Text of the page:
Listening To The 1More Sonoflow Headphones…
I spoke earlier about how balanced these headphones sound from the highs to the mids to the well-controlled bass. “Back & Forth” from Foo Fighters’ Wasting Light (CD, 1440 AIFF) highlighted that balance perfectly—it’s a great recording of a pure rock-and-roll song. Dave Grohl’s voice jumps out in the mix, and when the chorus adds more backup singers, the layering is even more musically compelling. The crunchy bar chords sounded nice and lively through these headphones. The bass wasn’t ultra-low, but it wasn’t boomy or muddy—something I just complained about in my review of the more expensive Bowers & Wilkins Px7 S2 headphones. These 1More headphones know what they do well, and they do it over and over again. I also tried listening to this track with the ANC turned on, and I liked the sound better without it.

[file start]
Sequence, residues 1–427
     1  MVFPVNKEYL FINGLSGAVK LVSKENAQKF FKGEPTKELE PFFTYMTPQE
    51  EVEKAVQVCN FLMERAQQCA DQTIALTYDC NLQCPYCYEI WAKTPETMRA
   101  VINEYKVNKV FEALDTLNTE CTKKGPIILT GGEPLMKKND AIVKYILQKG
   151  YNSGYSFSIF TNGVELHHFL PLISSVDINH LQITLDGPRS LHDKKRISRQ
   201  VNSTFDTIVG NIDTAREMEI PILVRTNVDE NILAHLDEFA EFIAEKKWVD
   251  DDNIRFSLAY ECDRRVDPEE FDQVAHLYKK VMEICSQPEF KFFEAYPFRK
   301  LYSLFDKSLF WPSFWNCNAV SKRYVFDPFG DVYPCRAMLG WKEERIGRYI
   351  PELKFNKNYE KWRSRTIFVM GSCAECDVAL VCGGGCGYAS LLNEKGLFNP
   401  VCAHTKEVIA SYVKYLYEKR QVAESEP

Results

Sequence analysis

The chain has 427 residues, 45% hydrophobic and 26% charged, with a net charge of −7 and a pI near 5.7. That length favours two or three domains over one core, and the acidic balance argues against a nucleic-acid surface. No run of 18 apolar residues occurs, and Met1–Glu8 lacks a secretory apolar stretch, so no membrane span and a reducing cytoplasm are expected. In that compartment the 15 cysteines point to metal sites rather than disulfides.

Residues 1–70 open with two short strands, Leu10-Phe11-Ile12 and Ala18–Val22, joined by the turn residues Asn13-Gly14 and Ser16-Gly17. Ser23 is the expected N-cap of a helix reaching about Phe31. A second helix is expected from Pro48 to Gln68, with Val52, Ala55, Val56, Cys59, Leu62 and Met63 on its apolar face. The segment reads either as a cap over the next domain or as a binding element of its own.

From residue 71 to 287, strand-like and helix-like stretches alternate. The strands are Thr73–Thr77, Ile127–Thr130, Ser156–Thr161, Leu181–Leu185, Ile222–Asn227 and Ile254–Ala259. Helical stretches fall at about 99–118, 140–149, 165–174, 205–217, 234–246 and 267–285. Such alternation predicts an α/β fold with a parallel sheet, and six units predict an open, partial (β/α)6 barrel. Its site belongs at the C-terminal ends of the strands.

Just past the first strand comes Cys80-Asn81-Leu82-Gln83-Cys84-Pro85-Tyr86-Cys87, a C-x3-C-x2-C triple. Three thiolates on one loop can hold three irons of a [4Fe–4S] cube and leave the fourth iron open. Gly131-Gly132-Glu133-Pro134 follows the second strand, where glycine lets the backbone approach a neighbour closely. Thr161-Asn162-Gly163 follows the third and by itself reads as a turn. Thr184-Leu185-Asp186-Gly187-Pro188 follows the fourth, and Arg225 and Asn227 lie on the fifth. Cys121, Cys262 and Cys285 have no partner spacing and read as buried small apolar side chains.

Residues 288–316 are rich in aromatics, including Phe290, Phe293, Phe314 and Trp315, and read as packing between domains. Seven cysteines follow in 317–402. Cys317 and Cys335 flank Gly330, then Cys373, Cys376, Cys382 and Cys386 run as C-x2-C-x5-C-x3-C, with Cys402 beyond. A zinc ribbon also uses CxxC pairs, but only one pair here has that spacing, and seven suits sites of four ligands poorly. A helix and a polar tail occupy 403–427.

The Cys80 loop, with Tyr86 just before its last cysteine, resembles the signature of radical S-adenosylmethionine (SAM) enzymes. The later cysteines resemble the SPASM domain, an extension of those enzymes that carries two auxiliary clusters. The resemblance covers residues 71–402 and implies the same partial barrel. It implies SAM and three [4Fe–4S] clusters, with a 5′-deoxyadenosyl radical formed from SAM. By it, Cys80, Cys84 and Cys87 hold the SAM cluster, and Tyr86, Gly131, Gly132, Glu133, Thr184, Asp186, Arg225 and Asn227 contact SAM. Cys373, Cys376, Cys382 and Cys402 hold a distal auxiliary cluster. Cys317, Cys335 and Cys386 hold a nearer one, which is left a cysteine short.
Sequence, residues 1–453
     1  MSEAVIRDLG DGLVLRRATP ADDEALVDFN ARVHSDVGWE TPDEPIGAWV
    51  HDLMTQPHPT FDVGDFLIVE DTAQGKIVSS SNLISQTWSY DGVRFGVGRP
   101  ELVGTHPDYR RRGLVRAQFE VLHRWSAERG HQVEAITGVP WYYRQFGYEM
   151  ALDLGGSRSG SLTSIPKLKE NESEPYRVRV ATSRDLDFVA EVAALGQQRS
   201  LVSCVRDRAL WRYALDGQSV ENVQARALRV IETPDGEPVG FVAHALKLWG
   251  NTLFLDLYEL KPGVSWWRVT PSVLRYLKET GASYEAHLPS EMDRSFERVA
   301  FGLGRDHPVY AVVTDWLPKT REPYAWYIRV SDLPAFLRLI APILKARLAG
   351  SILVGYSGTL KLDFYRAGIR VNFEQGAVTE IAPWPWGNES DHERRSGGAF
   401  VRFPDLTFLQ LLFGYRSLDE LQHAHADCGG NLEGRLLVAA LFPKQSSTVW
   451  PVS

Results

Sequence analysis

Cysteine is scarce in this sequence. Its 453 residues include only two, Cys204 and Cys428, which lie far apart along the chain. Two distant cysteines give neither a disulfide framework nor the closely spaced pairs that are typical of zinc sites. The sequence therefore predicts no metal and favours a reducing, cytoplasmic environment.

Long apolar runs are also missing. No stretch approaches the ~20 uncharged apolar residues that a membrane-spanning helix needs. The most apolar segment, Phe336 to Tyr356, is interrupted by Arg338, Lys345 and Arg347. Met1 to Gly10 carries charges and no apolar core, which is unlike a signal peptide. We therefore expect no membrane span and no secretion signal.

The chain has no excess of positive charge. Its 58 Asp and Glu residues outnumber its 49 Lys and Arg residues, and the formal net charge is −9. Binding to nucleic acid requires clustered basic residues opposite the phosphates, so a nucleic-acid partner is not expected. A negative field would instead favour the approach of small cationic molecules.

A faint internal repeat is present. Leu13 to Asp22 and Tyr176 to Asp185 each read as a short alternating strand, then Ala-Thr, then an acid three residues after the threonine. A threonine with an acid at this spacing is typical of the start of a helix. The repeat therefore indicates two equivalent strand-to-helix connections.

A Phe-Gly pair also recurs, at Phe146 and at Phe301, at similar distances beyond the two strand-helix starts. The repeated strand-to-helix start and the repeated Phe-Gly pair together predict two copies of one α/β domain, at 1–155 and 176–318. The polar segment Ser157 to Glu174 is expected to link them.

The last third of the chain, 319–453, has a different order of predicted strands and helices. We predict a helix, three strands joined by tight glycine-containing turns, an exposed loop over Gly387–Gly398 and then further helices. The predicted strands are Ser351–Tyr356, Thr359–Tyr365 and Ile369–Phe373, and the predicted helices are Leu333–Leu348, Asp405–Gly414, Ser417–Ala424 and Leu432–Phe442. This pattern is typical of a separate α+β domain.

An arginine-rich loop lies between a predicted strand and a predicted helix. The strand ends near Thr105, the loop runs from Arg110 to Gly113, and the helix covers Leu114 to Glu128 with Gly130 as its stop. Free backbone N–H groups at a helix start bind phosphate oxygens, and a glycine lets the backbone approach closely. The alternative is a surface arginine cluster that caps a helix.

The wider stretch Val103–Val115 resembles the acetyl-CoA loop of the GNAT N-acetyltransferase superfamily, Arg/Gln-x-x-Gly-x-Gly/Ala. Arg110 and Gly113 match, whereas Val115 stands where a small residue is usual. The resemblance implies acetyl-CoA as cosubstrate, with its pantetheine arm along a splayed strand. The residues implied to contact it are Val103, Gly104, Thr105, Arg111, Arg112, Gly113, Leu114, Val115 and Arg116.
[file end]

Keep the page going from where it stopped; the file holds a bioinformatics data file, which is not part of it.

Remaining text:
On “Give Up the Funk (Tear the Roof Off the Sucker) from Parliament’s all-time classic Mothership Connection (CD, 1440 AIFF), you can’t help but catch the groove when listening through the 1More Sonoflow headphones. The Bootsy Collins bassline sounded tight and funky. Again the layering of all of the vocal backups makes for a lush musical experience. When I was listening to the 1More Sonoflow by the beach, I again tried to use the ANC to deal with the car noise from the nearby highway, and it worked—but it sort of sucked the life out of the music. So I just went without the ANC. That’s not a fatal flaw as much as it was my personal preference.